“One must keep in mind that the appellants have been able to bring their dispute against IAAF before CAS, which is not only an independent and impartial court, with full power of review in fact and in law, but also a specialised jurisdiction” (para. 5.1.3).

The SFT then summarised its role and power of review when dealing with an international arbitration award. In particular, the SFT cannot – save in exceptional circumstances – consider issues of fact, and is bound by the facts as set out in the arbitration award. In addition, the SFT only reviews the award from the perspective of a limited set of grounds, listed in Art. 190(2) of the Swiss Private International Law Act (SPILA). The SFT insisted that the ECtHR

“has emphasised that there is a distinct interest in disputes arising within professional sport, in particular those with an international dimension, being submitted to a specialised jurisdiction capable of ruling in a prompt and cost-efficient way” (para. 5.2.4).

According to the SFT judges, State parties to the European Convention on Human Rights enjoy wide discretion as to how to approach alleged breaches of substantive provisions ECHR within proceedings for setting aside awards in international arbitration cases. Citing the example of Art. 8 ECHR and the freedom to exercise a professional activity, the SFT further recalled that a sports association – as a private entity – is not directly subjected to the ECHR. Positive duties of a State party to the ECHR to take action only arise to a certain extent, where necessary to establish a legal framework that appropriately takes into account the various interests at stake (para. 5.2.5).

In the light of these findings, the SFT concluded that the current Swiss legal system whereby review of international arbitration awards is subject to a set of exhaustive grounds, with a review of the merits of the decision essentially limited to breaches of public policy, and with strict requirements on the parties to assert and substantiate these grounds, is compatible with the ECHR.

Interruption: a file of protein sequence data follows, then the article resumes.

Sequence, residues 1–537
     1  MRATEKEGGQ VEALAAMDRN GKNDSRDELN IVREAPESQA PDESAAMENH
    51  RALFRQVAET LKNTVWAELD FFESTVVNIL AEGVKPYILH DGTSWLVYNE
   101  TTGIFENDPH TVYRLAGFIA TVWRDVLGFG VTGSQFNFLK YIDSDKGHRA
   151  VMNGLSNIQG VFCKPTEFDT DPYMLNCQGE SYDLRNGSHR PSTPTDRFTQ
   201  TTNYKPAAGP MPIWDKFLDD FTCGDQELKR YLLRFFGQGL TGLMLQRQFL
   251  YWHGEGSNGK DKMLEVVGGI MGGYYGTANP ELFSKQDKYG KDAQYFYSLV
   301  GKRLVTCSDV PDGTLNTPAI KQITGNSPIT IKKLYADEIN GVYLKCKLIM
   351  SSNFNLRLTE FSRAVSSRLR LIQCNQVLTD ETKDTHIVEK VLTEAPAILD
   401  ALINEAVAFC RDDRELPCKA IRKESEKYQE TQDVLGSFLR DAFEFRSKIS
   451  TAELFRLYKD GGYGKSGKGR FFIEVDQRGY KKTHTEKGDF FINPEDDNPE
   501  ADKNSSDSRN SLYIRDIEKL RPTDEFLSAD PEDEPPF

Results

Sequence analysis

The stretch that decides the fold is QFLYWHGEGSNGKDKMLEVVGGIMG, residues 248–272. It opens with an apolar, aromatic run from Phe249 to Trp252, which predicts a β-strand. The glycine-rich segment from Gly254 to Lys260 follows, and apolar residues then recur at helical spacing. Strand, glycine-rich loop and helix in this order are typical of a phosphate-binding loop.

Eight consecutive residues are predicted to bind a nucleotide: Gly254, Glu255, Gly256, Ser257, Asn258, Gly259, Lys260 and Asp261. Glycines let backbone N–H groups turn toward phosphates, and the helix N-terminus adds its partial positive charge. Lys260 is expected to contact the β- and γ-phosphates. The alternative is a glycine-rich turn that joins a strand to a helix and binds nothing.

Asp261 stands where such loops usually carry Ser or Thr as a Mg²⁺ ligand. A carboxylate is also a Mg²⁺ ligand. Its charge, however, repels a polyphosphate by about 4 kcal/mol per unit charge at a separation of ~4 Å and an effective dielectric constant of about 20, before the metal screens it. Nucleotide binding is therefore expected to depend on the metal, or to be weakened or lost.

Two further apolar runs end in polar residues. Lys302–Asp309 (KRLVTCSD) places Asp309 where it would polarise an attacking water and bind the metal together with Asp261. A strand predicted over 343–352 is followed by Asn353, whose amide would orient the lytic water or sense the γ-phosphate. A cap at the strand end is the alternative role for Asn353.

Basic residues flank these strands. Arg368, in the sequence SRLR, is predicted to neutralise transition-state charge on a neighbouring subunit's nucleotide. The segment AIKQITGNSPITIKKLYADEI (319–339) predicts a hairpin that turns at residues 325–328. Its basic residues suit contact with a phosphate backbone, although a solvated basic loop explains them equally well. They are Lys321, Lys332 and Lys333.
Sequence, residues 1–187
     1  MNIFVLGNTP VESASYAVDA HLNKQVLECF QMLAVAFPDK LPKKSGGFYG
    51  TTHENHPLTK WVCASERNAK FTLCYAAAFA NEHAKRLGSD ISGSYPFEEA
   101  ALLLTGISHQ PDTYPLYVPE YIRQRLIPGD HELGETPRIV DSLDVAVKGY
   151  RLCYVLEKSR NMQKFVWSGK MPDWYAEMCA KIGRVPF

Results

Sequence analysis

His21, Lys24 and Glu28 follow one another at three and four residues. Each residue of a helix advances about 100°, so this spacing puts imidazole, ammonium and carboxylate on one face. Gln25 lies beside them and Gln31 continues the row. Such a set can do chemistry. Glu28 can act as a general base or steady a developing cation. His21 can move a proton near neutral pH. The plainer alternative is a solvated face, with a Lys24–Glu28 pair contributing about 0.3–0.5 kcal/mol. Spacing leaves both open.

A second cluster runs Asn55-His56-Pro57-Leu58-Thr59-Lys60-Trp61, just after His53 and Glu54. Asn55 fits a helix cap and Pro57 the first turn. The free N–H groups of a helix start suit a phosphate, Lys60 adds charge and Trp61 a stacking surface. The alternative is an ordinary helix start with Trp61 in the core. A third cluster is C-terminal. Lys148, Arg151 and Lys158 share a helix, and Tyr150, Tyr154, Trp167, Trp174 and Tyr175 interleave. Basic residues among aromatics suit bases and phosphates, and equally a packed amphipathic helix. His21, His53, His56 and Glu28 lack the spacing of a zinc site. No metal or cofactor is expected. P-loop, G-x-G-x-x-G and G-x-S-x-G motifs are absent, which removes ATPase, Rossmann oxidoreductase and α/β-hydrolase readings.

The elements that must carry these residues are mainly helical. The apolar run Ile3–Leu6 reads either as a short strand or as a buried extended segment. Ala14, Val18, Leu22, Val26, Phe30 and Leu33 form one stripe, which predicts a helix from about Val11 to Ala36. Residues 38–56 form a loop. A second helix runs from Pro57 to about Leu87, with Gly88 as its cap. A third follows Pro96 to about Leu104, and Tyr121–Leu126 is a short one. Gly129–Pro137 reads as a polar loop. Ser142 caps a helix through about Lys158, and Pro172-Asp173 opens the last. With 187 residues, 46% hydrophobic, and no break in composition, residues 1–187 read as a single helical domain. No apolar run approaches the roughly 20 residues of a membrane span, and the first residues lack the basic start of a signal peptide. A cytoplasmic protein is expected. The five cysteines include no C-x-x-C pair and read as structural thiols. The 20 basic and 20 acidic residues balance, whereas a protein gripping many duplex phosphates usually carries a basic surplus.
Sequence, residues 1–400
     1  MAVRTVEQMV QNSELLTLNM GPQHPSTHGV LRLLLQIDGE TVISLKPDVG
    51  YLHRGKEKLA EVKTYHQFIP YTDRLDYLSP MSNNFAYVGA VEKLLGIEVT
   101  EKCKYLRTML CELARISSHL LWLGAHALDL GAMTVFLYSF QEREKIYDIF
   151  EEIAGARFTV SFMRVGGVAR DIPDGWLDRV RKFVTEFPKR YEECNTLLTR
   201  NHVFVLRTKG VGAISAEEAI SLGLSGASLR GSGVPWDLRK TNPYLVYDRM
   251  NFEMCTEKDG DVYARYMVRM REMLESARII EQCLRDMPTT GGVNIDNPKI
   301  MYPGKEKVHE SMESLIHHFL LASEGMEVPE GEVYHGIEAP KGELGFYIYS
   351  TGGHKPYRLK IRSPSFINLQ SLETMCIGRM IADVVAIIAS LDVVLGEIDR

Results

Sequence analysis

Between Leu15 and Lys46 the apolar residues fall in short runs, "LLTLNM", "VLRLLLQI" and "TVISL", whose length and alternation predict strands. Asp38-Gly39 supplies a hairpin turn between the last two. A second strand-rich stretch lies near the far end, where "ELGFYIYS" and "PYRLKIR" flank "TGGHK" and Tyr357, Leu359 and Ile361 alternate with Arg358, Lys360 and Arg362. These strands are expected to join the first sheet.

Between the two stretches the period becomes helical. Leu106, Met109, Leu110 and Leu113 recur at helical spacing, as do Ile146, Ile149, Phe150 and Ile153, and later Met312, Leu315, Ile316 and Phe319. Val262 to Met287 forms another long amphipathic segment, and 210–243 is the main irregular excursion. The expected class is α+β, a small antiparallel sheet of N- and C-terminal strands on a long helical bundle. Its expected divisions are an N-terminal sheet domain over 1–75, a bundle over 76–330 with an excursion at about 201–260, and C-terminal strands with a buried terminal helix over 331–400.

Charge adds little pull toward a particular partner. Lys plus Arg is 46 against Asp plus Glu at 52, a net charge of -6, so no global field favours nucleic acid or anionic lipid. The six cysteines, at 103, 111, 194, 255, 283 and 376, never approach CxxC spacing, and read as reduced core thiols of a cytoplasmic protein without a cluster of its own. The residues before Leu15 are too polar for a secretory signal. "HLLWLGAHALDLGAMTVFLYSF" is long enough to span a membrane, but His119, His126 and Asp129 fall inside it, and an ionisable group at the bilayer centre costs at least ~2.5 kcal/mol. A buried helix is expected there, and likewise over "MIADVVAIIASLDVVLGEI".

3.     Breach of public policy

The SFT briefly discussed the two grounds of irregular constitution (art. 190(2)(a) SPILA) and right to be heard (art. 190(2)(d) SPILA) invoked by the appellants, and rejected them.

The SFT then went into what can be viewed as the real core of its decision: the analysis of the ground of breach of substantive public policy (art. 190(2)(e) SPILA). For doing so, it divided the breaches asserted by the Appellants into three limbs: i.) prohibition of discrimination, ii.) personality rights and iii.) human dignity.

The SFT started by recalling the well-established notion of public policy within the context of international arbitration, and its boundaries:

“An award is incompatible with public policy if it disregards essential and widely accepted values which, according to the views prevailing in Switzerland, should constitute the foundation of any legal system” (para. 9.1).

The SFT went on to insist that it is an extremely rare occurrence (“chose rarissime”) for arbitral awards to be set aside on this ground. The concept is more restrictive than arbitrariness, and the award must be incompatible with public policy not only in its reasoning, but also in its outcomes. Also, neither the breach of constitutional rights, nor of ECHR rights, can be invoked directly under this ground, even though principles underpinning the relevant provisions of the ECHR or of the Swiss Constitution can be taken into account to crystallize the concept of public policy (para. 9.2).

Critically, the SFT’s reasoning had to be based on the premises that the CAS award had set, whereby athletes targeted by the DSD Regulation enjoy – due to their levels of testosterone – an advantage over other female competitors that is ‘insurmountable’, in the sense that it would allow them to systematically beat female athletes without DSD (see e.g. para. 9.8.2). The SFT thus worked on the assumption that there were also two groups of interests in conflict, i.e. the ‘protected class’ (“classe protégée”) of the female category versus the class of the athletes with DSD. There are some indications within the decision, however, that the SFT judges probably largely endorsed the CAS findings (e.g. the extract: “the statistics are particularly compelling in this respect”, para.

Another important aspect of the case is that World Athletics – unlike many international federations – is not based in Switzerland but in Monaco, and is thus not organised as an association of Swiss law. Indeed, as the SFT stressed in several instances (e.g. para. 5.1.1, para. 9.1, para. 9.2), Swiss law was not applicable on the merits of the dispute and the case had no connection to Switzerland other than the seat of the arbitral tribunal that made the challenged award.